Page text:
I read attempts to justify violence at Speakers’ Corner. I condemn it.
First, the victim was videoing trans protesters. Maria MacLachlan has claimed she got out her camera to video Julia Long, but this twitter thread shows her videoing protesters, even approaching them to intimidate them. This is a threat. We can be outed. The threat could be exaggerated: the opposition are not the police, with access to facial recognition software, but some coincidence might lead to a person being identified. A video shot in that way could be edited to pretend non-violent trans protesters are in some way threatening, but what they did was worse.
The violence starts with an attempt to snatch the camera. Filming is provocation but not itself violence.
Second, as the camera was attached by a strap to MacLachlan’s wrist, there was a scuffle. MacLachlan has a woman in a head lock. Defenders say the punch was an attempt to defend that woman. But, the violence started with the attempt to snatch the camera. So it’s the headlock that is self-defence.
Third, the punch was thrown by a provocateur, with TERF sympathies. This is highly unlikely, difficult to organise, and will not be believed. Someone wanted not to condemn before she was convinced to her own satisfaction that the punch was definitely thrown by a trans woman. Ordinary people, without much understanding of the issues or sympathy for either side, will see that as condoning the violence.
The provocation mitigates, but does not justify, the violence against MacLachlan.
There is a practical reason for condemning the violence. It makes us look bad. There are TERFs saying that this shows that trans women are men, even “men’s rights activists”, violent against women as all men are violent, and all trans women are men who are that violent. I hope reasonable people will not judge me by that punch. Trans woman condemns violence is not news, but just possibly trans woman justifies violence is.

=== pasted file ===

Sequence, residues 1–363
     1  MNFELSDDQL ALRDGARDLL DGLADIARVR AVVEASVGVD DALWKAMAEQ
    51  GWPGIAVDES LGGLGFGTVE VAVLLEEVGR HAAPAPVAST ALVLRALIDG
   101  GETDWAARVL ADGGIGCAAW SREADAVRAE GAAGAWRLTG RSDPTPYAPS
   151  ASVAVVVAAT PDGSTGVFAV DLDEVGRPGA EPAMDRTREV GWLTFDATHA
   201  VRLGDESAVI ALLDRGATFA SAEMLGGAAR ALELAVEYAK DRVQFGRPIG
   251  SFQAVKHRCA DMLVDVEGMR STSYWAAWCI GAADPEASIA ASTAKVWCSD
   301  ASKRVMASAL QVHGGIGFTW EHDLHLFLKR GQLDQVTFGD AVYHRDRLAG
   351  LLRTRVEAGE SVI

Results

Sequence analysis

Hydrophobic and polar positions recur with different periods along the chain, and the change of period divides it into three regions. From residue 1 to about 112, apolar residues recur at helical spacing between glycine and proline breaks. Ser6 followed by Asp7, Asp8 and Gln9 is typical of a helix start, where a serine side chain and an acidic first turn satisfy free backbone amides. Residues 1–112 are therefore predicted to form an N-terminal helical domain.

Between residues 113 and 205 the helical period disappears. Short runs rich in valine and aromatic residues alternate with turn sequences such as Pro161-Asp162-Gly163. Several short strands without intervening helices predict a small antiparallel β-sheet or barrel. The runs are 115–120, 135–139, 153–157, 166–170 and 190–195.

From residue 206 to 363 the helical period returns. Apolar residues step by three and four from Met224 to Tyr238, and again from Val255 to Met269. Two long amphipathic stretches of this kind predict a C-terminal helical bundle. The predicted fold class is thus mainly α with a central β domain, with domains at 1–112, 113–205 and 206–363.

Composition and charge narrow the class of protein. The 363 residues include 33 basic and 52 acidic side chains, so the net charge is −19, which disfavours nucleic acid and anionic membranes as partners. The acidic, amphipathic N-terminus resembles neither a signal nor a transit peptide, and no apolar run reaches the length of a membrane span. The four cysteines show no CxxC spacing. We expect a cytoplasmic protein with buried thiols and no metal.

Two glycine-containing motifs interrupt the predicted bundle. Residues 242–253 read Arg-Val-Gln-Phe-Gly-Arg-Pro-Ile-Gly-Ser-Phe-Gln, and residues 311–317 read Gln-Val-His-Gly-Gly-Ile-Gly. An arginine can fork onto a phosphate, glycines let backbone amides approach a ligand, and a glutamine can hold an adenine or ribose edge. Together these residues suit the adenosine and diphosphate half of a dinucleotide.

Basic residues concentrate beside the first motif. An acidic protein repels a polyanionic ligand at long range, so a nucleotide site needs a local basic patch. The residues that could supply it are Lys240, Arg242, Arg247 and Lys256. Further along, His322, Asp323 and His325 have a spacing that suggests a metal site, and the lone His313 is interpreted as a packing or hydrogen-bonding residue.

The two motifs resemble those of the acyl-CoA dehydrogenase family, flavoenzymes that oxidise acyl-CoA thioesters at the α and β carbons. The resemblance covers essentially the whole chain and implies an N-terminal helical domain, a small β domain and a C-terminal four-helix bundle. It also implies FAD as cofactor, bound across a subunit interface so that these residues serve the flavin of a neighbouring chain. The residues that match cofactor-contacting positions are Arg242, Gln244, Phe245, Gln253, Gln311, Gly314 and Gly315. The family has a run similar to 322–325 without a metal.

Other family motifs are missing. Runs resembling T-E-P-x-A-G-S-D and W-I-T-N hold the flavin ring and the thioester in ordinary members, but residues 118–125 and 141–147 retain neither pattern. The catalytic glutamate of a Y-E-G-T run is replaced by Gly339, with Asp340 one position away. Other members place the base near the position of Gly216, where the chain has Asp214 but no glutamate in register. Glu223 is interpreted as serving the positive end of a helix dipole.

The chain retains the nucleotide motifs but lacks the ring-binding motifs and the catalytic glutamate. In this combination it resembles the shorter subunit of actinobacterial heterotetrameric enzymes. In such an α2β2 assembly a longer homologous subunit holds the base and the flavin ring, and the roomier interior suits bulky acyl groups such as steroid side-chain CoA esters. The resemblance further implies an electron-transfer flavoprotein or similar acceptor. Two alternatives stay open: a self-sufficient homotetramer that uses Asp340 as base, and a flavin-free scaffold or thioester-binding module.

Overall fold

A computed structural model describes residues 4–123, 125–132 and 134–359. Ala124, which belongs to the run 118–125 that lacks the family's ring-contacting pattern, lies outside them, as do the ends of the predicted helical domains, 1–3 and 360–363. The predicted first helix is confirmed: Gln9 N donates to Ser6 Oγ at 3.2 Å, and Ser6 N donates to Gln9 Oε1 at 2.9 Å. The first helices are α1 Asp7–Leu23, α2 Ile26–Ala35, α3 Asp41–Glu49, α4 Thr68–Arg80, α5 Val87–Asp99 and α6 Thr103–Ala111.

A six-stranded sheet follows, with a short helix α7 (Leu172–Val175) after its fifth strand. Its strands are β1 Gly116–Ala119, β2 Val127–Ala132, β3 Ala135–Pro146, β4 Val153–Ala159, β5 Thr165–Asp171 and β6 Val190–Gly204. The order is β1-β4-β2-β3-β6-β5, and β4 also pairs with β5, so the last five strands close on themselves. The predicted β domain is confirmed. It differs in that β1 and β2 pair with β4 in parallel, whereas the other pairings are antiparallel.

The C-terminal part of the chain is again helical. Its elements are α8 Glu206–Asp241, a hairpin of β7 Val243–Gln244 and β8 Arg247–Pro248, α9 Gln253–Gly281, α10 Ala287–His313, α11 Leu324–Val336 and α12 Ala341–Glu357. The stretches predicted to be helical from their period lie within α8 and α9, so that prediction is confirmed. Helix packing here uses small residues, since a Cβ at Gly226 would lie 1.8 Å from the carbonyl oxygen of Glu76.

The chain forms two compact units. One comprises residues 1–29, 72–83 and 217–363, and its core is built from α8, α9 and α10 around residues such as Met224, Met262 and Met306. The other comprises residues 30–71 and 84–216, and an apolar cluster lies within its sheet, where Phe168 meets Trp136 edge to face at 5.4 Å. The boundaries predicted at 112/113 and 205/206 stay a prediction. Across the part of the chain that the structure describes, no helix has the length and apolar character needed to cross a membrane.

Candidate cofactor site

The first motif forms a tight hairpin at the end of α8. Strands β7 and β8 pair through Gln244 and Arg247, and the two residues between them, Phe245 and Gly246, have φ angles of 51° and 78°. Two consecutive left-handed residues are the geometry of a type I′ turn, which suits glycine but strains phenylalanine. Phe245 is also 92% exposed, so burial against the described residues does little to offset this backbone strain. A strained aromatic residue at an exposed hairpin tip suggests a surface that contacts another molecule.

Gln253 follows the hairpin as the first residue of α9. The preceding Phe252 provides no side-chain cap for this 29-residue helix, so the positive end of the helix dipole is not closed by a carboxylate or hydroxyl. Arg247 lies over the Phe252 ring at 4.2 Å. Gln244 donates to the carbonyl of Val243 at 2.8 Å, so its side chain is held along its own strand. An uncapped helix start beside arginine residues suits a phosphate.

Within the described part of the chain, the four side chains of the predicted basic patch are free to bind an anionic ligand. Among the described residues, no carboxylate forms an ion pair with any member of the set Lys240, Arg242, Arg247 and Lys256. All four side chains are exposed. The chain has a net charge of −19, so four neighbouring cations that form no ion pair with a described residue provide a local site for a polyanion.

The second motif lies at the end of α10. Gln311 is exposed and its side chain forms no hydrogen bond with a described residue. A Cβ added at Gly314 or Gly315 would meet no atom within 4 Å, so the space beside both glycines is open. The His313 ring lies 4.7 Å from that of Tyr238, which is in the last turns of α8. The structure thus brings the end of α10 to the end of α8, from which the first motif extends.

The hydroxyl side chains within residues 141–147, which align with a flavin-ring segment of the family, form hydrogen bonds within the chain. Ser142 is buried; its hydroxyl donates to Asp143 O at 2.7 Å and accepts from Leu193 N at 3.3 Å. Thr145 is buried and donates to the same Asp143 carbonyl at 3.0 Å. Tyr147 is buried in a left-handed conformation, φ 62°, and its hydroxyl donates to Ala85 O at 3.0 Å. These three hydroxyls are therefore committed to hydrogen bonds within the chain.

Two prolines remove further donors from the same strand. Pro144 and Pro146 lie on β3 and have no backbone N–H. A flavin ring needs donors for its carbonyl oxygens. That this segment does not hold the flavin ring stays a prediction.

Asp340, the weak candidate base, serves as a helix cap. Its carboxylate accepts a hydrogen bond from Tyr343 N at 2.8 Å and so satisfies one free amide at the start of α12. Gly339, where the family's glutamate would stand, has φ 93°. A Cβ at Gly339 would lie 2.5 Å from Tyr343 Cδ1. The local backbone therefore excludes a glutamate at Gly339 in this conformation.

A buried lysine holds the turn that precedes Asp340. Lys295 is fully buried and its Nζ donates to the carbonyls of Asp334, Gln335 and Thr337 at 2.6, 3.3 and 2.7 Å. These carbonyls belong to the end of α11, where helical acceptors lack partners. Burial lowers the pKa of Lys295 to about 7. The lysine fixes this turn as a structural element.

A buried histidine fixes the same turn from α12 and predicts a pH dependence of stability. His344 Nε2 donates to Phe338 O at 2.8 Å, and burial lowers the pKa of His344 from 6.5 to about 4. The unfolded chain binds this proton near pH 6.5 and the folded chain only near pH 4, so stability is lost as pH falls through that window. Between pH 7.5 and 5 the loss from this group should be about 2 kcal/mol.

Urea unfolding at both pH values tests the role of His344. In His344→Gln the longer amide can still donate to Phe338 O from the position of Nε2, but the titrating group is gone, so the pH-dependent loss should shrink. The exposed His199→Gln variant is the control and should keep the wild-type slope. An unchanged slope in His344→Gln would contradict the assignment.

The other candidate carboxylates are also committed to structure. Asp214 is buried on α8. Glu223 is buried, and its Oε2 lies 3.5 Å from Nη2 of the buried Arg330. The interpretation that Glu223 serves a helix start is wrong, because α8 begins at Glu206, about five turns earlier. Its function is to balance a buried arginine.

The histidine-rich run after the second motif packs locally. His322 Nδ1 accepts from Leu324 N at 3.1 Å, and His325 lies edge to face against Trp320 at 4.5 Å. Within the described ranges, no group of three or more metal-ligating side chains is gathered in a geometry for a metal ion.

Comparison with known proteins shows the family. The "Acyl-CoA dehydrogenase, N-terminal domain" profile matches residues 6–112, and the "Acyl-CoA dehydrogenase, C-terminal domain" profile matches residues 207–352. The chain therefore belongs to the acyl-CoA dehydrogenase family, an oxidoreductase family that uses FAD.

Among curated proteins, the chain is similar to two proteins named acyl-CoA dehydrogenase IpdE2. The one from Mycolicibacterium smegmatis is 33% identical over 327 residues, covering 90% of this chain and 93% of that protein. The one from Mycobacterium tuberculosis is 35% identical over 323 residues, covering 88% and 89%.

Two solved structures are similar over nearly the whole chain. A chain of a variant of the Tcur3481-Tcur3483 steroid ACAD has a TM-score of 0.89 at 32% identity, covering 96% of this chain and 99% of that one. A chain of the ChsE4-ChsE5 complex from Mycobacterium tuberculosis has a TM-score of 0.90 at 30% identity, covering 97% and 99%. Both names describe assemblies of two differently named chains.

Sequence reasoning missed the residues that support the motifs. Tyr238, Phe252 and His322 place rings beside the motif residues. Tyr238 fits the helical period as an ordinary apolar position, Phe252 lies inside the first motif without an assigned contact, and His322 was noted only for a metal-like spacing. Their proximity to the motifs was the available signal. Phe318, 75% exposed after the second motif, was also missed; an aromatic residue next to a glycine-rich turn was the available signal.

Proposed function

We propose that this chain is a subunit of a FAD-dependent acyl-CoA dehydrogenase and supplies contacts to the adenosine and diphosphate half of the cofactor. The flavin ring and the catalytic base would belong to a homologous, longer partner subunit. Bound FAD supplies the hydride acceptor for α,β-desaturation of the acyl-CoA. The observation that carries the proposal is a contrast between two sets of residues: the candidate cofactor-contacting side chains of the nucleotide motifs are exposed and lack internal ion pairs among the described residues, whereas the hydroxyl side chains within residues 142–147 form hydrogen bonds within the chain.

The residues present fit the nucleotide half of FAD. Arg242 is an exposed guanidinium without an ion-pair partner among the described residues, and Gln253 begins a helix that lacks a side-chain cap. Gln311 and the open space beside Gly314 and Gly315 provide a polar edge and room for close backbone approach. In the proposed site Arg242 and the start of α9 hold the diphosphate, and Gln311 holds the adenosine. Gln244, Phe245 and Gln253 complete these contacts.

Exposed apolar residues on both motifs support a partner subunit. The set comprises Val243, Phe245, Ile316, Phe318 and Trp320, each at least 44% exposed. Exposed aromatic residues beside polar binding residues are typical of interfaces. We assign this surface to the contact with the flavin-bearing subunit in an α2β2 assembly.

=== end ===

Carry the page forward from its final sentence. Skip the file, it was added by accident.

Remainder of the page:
Then it is ineffective. Even systematic State violence does not prevent committed individuals who feel they are right from resisting. Our violence can only encourage our opponents.
Violence makes reconciliation even more unlikely, brutalises aggressor and victim, turns disagreement into conflict, makes us physically more unsafe.
I understand in theory that non-violence is possible: an ideal, where from a position of self-knowledge, understanding and acceptance of the whole situation, and developed Love for the world in all its messy complexity, one might stand up for Truth without violence. And knowing that ideal, it might be worth attempting it, even while knowing I will fall short. I am afraid this is in theory.
There was to be a talk by two anti-trans speakers. Perhaps there was no point in demonstrating against that. There is a small group of people who are passionately TERF, and they are not convincing people generally. Showing up in a non-violent way might show our humanity. We are more difficult to hate, as individuals. The TERFs are not persuadable, though, seeing themselves as victims and us as persecutors. Finding a way to talk to them just might work, one person at a time, but even shouting, leave alone a punch, just convinces them that they are right.